Phillip Kremer is a self-taught artist working in Houston, Texas. He began developing his practice of manipulating google search images while working as a warehouse foreman in 2016. Since then he has gained widespread notoriety on the internet, especially by making controversial portraits of Donald Trump.
“It started with a picture I saw online, the guy from Scooby Doo. The picture had no face, and for some reason I started searching Google Images for ‘no face.’ I liked the idea of juxtaposing two things together, like baby parts and a priest’s face. There’s nothing pornographic or violent about the actual image, but at the same time you see it and connect--- priest- babies- skin- ew... WTF? I like that can make people start thinking [about bigger issues].”
Many of Kremer’s digitally manipulated portraits appear grotesque, lurking in the uncanny valley. The repetition of a single facial feature, or the replacement of eyes with some extra forehead, quickly transform celebrities into monsters. At the same time, Kremer’s images are funny. He plays with the appearance of politicians who commit monstrous acts, mocking them. If it feels unlikely that Betsy DeVos will be removed from her position of power, at least we can chuckle at her face combined with features of a drooling dog. For Kremer, comic relief is the main purpose of the work.
“I didn't want people to see [the portraits] and think I’m a total freak. It’s not about me- they’re just silly pictures. Sometimes they turn out serious, it kind of depends on my mood. Sometimes I don’t have weed... which is probably where some of the more grotesque ones come out.”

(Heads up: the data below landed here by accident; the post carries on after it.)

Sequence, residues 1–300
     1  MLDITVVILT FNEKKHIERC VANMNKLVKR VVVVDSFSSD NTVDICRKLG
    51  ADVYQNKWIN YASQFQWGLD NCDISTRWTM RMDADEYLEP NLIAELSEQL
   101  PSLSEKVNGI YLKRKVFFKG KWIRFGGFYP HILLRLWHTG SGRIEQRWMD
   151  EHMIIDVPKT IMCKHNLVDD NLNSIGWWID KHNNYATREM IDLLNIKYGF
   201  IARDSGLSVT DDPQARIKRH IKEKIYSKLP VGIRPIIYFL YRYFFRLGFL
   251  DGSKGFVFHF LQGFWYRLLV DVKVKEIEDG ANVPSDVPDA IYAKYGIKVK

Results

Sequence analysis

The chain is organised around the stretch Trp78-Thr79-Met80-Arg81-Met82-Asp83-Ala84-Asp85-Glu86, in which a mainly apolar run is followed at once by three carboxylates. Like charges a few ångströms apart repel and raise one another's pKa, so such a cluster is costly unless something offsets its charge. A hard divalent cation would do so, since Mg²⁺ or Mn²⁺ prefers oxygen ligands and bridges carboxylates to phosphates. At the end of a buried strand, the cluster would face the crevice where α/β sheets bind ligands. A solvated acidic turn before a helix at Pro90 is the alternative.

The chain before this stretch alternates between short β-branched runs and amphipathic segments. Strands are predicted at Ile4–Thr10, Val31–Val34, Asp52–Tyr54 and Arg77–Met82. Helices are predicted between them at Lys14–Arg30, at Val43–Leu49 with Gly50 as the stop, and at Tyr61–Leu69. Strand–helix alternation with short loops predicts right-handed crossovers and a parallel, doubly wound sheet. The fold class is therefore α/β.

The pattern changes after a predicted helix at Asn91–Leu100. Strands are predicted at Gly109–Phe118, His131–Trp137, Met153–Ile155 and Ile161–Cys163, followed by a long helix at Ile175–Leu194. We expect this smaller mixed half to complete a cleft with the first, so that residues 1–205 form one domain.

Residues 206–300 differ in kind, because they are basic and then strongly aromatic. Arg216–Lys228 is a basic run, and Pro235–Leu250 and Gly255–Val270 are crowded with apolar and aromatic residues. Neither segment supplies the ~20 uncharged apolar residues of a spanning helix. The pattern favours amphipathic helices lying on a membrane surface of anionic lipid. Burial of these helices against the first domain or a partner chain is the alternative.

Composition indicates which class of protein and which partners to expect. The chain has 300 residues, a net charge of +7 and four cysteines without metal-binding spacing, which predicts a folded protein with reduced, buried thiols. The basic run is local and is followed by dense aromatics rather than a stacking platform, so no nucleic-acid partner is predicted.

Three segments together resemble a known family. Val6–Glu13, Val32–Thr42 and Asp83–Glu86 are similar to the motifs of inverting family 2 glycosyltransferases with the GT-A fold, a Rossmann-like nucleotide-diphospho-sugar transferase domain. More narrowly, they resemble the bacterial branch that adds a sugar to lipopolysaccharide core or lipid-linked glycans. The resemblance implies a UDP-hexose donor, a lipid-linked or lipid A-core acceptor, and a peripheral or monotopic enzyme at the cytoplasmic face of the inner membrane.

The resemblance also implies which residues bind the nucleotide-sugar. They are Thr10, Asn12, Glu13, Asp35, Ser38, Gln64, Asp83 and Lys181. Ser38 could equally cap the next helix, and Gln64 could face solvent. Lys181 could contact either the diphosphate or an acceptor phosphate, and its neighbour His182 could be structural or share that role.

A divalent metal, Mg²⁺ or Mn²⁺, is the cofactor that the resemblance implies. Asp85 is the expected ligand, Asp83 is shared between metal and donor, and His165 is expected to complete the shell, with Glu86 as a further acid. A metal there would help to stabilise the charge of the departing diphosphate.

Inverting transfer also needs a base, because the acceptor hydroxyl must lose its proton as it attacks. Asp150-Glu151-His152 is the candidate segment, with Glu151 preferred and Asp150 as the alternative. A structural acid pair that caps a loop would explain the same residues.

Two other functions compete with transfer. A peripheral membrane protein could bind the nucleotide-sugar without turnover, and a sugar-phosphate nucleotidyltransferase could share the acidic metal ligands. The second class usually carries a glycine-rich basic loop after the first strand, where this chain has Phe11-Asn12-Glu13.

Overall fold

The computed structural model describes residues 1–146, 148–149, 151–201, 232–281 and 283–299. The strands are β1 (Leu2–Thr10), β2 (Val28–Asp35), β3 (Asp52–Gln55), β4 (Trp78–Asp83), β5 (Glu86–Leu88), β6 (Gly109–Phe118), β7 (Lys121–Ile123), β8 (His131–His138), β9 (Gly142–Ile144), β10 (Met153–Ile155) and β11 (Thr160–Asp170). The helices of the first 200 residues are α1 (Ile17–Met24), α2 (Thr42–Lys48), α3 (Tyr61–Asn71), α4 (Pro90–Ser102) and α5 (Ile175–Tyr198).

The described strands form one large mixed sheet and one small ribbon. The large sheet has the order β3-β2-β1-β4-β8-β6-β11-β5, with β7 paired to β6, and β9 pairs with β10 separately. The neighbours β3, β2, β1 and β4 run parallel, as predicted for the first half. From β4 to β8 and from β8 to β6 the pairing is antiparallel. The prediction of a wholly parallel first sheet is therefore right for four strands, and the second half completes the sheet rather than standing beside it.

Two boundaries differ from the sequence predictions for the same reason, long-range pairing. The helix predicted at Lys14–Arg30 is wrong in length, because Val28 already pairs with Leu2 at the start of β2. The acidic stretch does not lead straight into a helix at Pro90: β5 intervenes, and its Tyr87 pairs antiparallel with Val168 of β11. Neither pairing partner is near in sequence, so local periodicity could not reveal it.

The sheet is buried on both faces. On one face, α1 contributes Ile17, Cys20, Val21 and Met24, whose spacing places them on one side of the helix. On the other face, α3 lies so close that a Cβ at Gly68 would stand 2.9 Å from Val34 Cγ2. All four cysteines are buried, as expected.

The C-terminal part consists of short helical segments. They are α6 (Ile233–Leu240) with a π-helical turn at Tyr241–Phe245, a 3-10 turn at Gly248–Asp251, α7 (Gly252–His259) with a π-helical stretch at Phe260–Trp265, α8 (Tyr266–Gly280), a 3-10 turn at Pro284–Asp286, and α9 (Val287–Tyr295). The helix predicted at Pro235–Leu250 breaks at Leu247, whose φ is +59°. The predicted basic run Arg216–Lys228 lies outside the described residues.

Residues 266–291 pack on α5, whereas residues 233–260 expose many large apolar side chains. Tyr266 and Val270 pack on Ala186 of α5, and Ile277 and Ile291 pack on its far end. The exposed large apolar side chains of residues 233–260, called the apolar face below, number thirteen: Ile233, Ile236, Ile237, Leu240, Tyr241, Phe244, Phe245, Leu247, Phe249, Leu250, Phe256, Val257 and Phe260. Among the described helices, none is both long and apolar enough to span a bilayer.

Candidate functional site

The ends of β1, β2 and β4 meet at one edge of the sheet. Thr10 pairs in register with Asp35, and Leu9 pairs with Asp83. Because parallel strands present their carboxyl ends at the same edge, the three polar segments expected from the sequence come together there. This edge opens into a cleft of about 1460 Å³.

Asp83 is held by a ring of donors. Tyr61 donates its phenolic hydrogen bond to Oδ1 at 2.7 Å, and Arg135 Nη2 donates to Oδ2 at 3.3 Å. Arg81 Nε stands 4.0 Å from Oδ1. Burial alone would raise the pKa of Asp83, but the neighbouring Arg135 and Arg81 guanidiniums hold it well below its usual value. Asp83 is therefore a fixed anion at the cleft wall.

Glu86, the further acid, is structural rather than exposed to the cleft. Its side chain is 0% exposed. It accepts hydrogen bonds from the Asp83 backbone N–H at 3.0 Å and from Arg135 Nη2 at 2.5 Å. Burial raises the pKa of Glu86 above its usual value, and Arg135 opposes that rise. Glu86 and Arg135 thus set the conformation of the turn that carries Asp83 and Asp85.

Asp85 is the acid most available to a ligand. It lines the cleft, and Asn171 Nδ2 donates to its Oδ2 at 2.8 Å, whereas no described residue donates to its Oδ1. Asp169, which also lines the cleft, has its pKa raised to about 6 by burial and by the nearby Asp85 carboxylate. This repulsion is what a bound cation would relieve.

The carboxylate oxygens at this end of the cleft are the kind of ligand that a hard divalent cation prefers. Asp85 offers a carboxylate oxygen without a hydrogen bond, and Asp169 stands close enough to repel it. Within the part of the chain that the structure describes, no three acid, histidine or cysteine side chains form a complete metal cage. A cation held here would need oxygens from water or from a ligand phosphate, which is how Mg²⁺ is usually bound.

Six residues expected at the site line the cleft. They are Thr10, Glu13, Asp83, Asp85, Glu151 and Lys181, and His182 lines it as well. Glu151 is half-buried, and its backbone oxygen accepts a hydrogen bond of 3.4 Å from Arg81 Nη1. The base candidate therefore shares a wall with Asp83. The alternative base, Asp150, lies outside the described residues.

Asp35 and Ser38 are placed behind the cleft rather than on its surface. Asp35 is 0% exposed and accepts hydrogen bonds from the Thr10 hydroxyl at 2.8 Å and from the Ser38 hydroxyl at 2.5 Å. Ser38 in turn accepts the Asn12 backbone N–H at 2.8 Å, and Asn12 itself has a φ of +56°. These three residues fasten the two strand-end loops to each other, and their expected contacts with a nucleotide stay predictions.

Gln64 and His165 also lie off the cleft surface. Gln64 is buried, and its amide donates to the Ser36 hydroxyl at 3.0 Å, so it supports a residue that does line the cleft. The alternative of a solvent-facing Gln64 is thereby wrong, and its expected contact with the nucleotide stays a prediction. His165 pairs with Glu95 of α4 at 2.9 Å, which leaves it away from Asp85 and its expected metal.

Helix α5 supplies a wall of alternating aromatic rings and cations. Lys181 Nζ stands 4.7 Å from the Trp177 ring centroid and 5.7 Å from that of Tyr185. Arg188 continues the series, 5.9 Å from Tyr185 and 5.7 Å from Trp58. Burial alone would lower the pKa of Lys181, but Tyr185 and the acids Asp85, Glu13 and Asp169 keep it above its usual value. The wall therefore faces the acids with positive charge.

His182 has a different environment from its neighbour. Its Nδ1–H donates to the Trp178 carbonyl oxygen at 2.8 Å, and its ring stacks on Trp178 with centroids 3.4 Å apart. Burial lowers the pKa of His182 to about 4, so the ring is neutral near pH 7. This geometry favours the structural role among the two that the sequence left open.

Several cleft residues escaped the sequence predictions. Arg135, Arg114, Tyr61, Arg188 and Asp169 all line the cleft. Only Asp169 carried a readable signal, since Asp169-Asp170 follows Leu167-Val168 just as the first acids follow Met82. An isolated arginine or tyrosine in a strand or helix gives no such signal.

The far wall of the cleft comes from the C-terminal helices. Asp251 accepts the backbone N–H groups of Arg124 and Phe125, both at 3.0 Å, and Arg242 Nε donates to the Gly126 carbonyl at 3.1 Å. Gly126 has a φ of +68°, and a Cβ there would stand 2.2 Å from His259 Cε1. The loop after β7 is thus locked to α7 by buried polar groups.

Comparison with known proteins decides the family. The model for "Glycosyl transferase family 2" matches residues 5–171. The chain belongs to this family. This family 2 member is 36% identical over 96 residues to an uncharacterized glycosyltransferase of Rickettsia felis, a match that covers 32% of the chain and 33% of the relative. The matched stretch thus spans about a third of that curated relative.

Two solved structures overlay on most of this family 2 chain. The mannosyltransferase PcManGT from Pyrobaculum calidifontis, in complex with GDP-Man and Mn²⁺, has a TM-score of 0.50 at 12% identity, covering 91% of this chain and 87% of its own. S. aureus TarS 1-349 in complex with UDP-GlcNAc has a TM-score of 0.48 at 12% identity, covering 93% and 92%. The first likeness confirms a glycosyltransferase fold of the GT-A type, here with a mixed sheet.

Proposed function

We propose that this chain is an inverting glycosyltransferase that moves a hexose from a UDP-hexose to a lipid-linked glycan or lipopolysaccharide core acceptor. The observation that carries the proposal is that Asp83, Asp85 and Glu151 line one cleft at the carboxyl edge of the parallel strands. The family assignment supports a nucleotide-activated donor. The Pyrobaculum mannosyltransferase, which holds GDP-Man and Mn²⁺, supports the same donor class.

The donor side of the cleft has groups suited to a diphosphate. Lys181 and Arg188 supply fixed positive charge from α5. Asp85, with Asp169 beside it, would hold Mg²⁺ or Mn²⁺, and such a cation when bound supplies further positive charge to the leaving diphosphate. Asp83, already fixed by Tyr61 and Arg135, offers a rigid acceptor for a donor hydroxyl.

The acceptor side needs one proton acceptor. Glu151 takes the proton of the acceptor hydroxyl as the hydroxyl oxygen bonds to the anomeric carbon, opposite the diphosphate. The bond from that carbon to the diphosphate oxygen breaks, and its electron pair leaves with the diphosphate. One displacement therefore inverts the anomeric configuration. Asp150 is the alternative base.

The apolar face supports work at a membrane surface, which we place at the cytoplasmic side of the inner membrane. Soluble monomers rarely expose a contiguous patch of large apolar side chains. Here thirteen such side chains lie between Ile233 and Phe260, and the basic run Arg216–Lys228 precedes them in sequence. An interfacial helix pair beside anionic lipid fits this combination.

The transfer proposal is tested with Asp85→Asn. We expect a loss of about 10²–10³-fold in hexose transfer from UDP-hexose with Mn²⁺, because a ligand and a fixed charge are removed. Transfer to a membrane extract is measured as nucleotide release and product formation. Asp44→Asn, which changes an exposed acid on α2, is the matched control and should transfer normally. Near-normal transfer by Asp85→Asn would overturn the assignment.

Kremer previously lived in Portland and Medford, Oregon, but returned to Houston in 2016 to care for his family. While Kremer focuses most of his time on work in the service industry, his art lives a wild life in Portland. One Grand Gallery and @stablegeniuscollection have teamed up with Kremer to print his images on white t-shirts. Some of the shirts are sold, while others are given to passerby during street performances: A rowdy satirical Trump supporter, dressed in a star spangled business suit and MAGA hat, roams the streets of Portland asking questions like “What does the J. in Donald J. Trump stand for? JUSTICE!” (If you haven’t yet, do yourself a favor and check out the videos by @stablegeniuscollection on Instagram.)
Much of Kremer’s work depicts Trump-- partially to encourage critical thinking in viewers, and partially to process his own feelings. “Ever since Trump got into office it’s been like Armageddon. “Things feel very different and surreal,” he says. I feel like I’m on really bad acid.” Kremer exhorts creative practice as a way to get through difficult times. He uses art and humor to face reality. “ I’ve been diagnosed with bipolar, or manic depressive disorder, but I kind of feel like I’m the normal one and everyone else is crazy.”
This month Phillip Kremer is presenting Stable Genius at One Grand Gallery. Second opening reception is May 24 from 7-10 pm.